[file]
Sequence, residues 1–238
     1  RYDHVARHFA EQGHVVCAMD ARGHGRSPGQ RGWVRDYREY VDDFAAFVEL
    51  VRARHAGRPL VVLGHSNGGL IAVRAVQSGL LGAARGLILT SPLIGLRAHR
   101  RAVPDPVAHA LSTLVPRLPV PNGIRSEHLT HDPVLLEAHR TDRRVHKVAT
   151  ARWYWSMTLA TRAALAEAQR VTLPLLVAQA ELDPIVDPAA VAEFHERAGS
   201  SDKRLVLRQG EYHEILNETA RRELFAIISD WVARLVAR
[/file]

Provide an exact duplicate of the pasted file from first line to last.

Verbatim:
Sequence, residues 1–238
     1  RYDHVARHFA EQGHVVCAMD ARGHGRSPGQ RGWVRDYREY VDDFAAFVEL
    51  VRARHAGRPL VVLGHSNGGL IAVRAVQSGL LGAARGLILT SPLIGLRAHR
   101  RAVPDPVAHA LSTLVPRLPV PNGIRSEHLT HDPVLLEAHR TDRRVHKVAT
   151  ARWYWSMTLA TRAALAEAQR VTLPLLVAQA ELDPIVDPAA VAEFHERAGS
   201  SDKRLVLRQG EYHEILNETA RRELFAIISD WVARLVAR